Net Lease Properties are the traditional real estate investment with no management obligation for the owner. In its purest form (called a NNN – Triple Net Lease) the tenant manages the property, doing everything from paying all the operating expenses, property taxes, utilities, insurance premiums, maintenance and repairs. The landlord gets to collect monthly net rental income just as he or she would with a traditional real estate investment.
NNN’s are typically purchased on a cap rate. A cap rate is essentially a yield which is determined by dividing the tenant’s annual rent by the purchase price. For example, if Walgreens is paying $350,000 annually and the purchase price is $4,375,000, the cap rate is 8% ($350,000/$4,375,000).
A NNN Property can either be a single or multi tenant investment like a shopping center, office building or a free standing building. A NNN Leased investment gives you total (fee-simple) ownership of a commercial property, which is pre-leased to a high credit retail tenant – (Walgreens, Burger King, Lowe’s, or Dunkin Donuts, etc.) – on a long-term basis (usually between 10-25 years), providing you with a stable, long-term cash flow. NNN leased property can be an excellent replacement property in completing a 1031 real estate exchange transaction.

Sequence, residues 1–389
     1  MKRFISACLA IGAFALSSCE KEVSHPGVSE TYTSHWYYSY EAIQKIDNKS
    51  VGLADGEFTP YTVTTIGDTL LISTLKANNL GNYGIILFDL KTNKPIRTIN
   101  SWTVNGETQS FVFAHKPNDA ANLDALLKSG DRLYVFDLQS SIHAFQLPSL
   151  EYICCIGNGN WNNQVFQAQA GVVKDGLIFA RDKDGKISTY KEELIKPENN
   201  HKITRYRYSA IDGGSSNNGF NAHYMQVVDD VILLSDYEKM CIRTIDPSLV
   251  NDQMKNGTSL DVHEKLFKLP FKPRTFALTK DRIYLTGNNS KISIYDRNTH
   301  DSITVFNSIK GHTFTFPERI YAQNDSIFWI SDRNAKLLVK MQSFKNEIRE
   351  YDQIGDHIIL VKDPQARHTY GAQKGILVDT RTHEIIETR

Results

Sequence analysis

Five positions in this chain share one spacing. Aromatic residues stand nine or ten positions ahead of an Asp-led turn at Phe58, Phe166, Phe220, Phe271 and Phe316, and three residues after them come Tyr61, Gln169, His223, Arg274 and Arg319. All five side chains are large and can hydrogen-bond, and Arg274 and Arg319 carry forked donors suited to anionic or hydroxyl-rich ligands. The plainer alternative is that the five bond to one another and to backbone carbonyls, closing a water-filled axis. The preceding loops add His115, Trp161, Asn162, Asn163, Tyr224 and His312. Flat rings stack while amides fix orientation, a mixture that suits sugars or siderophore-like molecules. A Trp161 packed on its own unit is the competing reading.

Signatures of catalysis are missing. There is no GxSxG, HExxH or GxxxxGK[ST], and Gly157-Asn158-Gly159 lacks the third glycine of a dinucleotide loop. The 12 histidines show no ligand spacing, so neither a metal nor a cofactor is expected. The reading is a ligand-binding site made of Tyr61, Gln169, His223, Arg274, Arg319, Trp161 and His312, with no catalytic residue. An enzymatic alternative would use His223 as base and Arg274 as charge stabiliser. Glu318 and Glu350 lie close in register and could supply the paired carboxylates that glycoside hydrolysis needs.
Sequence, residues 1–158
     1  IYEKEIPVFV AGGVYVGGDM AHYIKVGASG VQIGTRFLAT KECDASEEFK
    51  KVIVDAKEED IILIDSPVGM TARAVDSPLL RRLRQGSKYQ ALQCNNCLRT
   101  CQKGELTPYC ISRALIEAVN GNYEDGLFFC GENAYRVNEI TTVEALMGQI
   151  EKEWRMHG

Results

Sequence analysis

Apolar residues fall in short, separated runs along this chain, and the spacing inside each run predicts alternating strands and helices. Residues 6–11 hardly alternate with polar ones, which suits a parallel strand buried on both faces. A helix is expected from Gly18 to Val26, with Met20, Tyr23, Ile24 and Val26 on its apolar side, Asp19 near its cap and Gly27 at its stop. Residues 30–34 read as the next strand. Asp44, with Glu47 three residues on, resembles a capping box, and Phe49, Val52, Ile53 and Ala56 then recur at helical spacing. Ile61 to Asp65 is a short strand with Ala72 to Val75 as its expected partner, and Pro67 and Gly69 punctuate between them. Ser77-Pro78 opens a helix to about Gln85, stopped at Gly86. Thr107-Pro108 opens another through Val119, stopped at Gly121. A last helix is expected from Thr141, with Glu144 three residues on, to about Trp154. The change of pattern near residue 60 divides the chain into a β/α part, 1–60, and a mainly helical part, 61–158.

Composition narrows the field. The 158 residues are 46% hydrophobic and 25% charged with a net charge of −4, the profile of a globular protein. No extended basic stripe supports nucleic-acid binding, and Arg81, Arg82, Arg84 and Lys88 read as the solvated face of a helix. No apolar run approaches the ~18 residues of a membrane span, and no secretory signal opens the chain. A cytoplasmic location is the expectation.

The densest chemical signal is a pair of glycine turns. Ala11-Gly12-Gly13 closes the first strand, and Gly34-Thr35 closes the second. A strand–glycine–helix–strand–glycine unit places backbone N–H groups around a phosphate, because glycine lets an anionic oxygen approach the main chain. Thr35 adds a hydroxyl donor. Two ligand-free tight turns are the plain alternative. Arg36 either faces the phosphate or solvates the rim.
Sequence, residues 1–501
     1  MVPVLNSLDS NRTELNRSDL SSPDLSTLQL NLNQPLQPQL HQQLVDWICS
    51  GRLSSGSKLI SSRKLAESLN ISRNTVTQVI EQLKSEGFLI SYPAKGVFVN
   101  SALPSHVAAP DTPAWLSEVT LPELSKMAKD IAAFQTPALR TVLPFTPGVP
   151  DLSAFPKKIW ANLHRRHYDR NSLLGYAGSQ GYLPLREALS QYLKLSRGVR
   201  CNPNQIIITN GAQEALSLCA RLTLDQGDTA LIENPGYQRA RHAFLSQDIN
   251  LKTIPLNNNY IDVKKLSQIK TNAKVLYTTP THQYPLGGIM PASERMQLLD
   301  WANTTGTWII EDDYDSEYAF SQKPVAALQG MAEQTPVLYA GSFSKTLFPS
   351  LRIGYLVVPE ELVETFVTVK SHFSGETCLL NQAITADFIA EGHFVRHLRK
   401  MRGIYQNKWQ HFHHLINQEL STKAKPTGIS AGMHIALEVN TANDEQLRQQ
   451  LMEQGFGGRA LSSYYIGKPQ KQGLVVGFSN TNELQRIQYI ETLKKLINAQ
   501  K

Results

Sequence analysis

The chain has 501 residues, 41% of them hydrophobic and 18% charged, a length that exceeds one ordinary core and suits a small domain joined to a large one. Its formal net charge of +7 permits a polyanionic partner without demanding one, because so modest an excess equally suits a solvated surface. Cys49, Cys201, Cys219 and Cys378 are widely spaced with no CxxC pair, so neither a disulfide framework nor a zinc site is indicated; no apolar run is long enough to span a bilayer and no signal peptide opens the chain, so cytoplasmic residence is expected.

Lease form is designed for a single tenant build to suit transaction, where the landlord builds the entire premises for the tenant. The rent payable by the tenant is pegged to the total construction and financing costs of the project, and is usually subject to percentage increases in specified years. This basically allows the tenant to move in and occupy the property with zero costs up front. Once the tenant & developer execute a lease, the developer acquires the land and constructs the property with his owns funds. This enables the tenant to have new construction, including the cost of the land acquisition, without actually using any of its own capital or credit in land and buildings. With no mortgage or other indebtedness to be carried as debt on the tenants balance sheet, the book value of the company’s assets is effectively understated — enhancing the company’s Return on Assets (ROA). The rent is fully deductible over the lease term, making the tenant’s after-tax cost less than with alternative forms of asset-based financing. The owner of the property can depreciate the building because you own the building and the ground.